2c) Let's say that supernatural means "of or relating to an order of existence [out of [our] comprehension of] the visible observable (even in theory) universe." What does this mean? If the supernatural exists, even if we couldn't comprehend it, we should at least be able to observe it. Since when is observation limited by comprehension? I can observe a kid acting out "beyond" reality, meaning I can't comprehend how a human being could behave like that, but I'm still observing it. I can't comprehend in some senses the Big Bang, but I can still observe (indirectly) that it happened. I don't think we can use this sense of "beyond" to make "supernatural" mean anything.

3) Perhaps supernatural means "of or relating to an order of existence [in addition to or besides] the visible observable (even in theory) universe." This implies that supernatural beings reside someplace other than the universe. However, time and space are bound by the universe, so there is no "outside" the universe (or "outside" time.) Some scientists do hypothesise a "multiverse," where reality is made up of many universes, but it's a heavily criticed line of reasoning, and proponents of the "supernatural" surely don't mean "something that's natural, just in a different universe," anyway.

I'm left with the conclusion that "supernatural" doesn't mean anything more than "non-existent," or perhaps "fictional." In one sense, Huckleberry Finn could be said to exist, but I don't think that's what theists mean when they talk about the supernatural. "Supernatural" is a term applied to that which doesn't exist in an effort to make it seem like it does.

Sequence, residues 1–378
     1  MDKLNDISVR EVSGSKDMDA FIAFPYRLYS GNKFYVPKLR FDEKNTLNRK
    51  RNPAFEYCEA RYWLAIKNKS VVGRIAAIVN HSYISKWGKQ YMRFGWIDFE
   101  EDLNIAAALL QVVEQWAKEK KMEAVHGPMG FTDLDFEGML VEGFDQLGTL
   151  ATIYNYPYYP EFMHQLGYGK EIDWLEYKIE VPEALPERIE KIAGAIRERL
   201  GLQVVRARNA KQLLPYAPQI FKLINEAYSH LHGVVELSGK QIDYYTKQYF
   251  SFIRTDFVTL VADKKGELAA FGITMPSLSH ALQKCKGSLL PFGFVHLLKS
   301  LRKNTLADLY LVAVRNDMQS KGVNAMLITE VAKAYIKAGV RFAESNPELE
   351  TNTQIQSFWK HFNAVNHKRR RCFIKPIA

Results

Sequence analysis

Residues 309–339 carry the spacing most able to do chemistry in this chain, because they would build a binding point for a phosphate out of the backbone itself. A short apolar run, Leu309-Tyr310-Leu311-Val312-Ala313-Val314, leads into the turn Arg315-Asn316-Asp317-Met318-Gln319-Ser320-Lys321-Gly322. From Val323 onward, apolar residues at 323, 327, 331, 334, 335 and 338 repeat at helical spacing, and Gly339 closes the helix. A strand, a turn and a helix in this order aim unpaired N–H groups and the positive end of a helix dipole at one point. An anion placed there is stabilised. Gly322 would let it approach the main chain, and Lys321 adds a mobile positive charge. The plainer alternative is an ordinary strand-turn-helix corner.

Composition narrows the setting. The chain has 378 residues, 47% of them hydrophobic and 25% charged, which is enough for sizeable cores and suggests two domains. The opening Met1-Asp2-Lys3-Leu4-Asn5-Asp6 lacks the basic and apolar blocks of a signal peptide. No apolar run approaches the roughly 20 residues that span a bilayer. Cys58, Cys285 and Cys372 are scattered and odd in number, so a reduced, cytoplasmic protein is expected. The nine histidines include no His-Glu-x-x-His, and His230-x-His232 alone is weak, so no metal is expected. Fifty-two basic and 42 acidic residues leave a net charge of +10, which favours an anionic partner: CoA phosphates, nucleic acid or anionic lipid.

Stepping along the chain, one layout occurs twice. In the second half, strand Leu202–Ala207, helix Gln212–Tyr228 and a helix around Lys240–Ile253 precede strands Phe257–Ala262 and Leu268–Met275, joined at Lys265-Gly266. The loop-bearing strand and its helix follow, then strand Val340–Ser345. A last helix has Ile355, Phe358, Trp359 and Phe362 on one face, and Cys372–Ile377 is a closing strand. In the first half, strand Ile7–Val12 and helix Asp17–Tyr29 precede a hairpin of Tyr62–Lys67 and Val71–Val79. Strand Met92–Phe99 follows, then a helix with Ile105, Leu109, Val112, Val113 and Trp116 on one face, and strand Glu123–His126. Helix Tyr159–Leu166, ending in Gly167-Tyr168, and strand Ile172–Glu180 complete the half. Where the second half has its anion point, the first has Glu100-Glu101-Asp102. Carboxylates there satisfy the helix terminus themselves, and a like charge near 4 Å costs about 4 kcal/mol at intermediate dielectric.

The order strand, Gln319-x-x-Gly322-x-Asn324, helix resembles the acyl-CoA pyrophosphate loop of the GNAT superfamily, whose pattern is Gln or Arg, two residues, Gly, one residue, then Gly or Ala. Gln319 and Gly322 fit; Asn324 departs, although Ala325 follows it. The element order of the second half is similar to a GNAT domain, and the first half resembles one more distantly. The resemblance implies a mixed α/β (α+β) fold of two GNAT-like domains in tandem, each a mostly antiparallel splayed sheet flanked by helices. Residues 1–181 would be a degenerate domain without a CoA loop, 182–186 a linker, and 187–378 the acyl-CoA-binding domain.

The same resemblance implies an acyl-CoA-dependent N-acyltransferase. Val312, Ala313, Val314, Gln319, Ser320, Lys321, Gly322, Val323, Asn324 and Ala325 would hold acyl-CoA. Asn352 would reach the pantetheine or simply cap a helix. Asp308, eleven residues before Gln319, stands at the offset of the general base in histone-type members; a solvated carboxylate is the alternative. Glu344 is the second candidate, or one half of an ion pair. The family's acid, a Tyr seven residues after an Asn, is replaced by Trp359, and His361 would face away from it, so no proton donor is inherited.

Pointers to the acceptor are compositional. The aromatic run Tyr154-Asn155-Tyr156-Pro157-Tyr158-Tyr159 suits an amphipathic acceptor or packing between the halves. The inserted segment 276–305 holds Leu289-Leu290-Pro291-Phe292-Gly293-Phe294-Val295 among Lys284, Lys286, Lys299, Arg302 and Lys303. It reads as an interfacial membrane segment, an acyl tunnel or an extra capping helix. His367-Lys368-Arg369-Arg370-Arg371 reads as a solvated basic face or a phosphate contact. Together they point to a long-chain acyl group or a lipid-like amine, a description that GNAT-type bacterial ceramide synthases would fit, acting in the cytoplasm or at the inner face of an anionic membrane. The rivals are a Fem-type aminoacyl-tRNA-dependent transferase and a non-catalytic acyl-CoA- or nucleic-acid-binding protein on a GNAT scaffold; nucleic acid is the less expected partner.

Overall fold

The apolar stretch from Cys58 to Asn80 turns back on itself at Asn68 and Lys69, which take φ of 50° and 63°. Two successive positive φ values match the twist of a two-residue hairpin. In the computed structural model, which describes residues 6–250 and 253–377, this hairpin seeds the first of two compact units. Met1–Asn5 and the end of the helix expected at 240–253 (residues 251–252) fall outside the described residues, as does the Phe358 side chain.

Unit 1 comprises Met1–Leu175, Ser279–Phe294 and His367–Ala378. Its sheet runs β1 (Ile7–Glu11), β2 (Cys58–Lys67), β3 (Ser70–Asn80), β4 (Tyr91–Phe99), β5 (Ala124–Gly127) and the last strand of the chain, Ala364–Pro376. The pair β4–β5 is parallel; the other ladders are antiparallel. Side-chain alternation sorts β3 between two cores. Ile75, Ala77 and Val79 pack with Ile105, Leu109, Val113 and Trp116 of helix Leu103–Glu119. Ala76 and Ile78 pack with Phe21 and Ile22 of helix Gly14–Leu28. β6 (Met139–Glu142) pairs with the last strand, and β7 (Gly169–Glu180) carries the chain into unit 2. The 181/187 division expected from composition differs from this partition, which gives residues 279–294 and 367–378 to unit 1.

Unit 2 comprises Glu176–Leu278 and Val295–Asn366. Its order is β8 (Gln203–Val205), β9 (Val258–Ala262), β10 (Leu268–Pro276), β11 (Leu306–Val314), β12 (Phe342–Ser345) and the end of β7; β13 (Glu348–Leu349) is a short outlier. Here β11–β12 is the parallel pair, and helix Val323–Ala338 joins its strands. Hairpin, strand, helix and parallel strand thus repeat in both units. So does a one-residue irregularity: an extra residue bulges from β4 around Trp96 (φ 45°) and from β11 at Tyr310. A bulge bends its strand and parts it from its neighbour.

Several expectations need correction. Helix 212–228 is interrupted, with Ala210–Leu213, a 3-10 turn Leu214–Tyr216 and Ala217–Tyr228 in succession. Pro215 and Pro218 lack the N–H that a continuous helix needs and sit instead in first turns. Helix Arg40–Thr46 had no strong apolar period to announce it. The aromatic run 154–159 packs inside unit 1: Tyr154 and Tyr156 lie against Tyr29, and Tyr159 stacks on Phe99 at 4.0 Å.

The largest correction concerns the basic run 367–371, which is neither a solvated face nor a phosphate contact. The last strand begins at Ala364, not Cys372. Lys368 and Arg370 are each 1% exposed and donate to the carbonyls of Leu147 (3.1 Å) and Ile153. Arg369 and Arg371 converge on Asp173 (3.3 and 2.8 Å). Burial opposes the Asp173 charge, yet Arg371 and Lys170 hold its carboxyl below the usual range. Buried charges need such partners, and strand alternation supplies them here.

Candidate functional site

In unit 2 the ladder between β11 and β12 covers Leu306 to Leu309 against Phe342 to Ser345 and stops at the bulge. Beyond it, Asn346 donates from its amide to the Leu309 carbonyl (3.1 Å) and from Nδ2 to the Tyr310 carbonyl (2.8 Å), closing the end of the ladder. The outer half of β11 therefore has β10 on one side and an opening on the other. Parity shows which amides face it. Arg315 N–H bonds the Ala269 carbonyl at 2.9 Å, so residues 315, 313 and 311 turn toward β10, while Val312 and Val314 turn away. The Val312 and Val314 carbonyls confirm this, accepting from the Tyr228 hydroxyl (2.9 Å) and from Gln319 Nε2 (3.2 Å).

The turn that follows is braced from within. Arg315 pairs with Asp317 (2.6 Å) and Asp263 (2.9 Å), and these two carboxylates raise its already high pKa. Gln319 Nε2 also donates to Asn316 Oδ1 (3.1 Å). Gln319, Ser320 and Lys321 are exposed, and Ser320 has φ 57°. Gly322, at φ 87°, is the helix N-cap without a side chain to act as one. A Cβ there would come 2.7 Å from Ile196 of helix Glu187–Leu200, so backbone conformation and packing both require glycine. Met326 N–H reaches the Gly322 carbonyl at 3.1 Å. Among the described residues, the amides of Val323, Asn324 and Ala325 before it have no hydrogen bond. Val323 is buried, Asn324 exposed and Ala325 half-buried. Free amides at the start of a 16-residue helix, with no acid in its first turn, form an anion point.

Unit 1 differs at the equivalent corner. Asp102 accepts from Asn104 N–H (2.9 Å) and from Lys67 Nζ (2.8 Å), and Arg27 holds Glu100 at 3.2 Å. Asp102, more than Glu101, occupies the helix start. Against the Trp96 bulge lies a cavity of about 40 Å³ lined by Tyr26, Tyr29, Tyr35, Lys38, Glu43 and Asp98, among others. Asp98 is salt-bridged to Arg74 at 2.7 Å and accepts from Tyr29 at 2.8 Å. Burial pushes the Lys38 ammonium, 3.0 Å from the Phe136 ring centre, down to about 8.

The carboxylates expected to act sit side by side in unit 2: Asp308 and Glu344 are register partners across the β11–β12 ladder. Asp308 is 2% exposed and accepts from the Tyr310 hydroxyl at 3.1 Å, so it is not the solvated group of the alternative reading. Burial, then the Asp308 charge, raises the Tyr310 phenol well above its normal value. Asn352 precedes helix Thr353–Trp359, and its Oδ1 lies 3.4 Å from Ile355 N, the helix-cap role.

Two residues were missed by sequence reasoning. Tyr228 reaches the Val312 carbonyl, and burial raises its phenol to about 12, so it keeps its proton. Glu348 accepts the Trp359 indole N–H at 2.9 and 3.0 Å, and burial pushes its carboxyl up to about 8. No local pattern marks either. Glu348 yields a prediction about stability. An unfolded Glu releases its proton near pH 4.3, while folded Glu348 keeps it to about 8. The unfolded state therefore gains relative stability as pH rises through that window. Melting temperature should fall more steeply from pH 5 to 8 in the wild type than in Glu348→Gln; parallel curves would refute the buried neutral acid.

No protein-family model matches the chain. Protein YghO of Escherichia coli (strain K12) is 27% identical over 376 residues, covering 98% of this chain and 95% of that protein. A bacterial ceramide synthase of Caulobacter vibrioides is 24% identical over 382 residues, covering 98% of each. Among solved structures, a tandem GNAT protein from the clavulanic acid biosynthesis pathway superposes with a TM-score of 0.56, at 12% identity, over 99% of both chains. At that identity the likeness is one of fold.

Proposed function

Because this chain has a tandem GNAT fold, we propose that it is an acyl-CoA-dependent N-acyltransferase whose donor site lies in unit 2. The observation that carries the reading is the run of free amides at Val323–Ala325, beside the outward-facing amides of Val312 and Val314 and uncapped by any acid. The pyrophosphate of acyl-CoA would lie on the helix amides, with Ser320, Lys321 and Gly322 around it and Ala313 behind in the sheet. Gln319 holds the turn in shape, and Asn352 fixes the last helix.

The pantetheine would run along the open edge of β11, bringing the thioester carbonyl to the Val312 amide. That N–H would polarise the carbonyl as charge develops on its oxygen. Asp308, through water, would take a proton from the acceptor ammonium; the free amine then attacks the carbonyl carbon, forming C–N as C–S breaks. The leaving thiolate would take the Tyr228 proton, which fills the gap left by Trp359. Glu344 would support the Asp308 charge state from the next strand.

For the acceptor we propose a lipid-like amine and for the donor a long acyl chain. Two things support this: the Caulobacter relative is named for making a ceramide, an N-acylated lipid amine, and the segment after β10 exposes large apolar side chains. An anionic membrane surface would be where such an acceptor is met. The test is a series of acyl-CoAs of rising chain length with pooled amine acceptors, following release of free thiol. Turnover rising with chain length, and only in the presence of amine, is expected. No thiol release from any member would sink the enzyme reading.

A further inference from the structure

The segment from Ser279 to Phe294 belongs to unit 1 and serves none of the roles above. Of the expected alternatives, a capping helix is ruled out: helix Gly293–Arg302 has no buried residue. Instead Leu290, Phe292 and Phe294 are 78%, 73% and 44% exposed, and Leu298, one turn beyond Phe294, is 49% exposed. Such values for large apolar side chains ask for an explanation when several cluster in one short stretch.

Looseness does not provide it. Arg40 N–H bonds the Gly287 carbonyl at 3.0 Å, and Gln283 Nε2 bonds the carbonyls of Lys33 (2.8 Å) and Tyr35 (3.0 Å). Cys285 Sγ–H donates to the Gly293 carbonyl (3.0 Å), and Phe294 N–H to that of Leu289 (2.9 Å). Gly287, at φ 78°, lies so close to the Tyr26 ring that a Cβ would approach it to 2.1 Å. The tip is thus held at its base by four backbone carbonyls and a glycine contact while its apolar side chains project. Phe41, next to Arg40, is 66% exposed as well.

There's one more point I'd like to make, and that is that scientific claims are always extraordinarily detailed and concrete while religious ones tend to be vague and abstract. I think this is the case because detailed and concrete religious claims were too easily to disprove and the faithful have adapted. Now you'll very rarely see a falsifiable religious claim. (People raise the same objections about string theory, an area of exploration that many claim is not scientific because it's not falsifiable.)

Tuesday, November 01, 2005

How to Argue with Smart People, or Why I Like to "Split Hairs"

Smart people, or at least those whose brains have good first gears, use their speed in thought to overpower others. They’ll jump between assumptions quickly, throwing out jargon, bits of logic, or rules of thumb at a rate of fire fast enough to cause most people to become rattled, and give in. When that doesn’t work, the arrogant or the pompous will throw in some belittlement and use whatever snide or manipulative tactics they have at their disposal to further discourage you from dissecting their ideas. Scott Berkun